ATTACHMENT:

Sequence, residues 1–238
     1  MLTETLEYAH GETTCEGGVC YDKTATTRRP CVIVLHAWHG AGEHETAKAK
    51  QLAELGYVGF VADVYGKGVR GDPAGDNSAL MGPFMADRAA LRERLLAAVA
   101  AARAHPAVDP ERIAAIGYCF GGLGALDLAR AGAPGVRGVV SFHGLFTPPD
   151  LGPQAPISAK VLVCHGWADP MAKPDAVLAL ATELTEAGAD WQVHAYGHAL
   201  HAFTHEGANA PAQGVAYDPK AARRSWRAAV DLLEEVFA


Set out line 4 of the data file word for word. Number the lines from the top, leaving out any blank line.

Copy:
   101  AARAHPAVDP ERIAAIGYCF GGLGALDLAR AGAPGVRGVV SFHGLFTPPD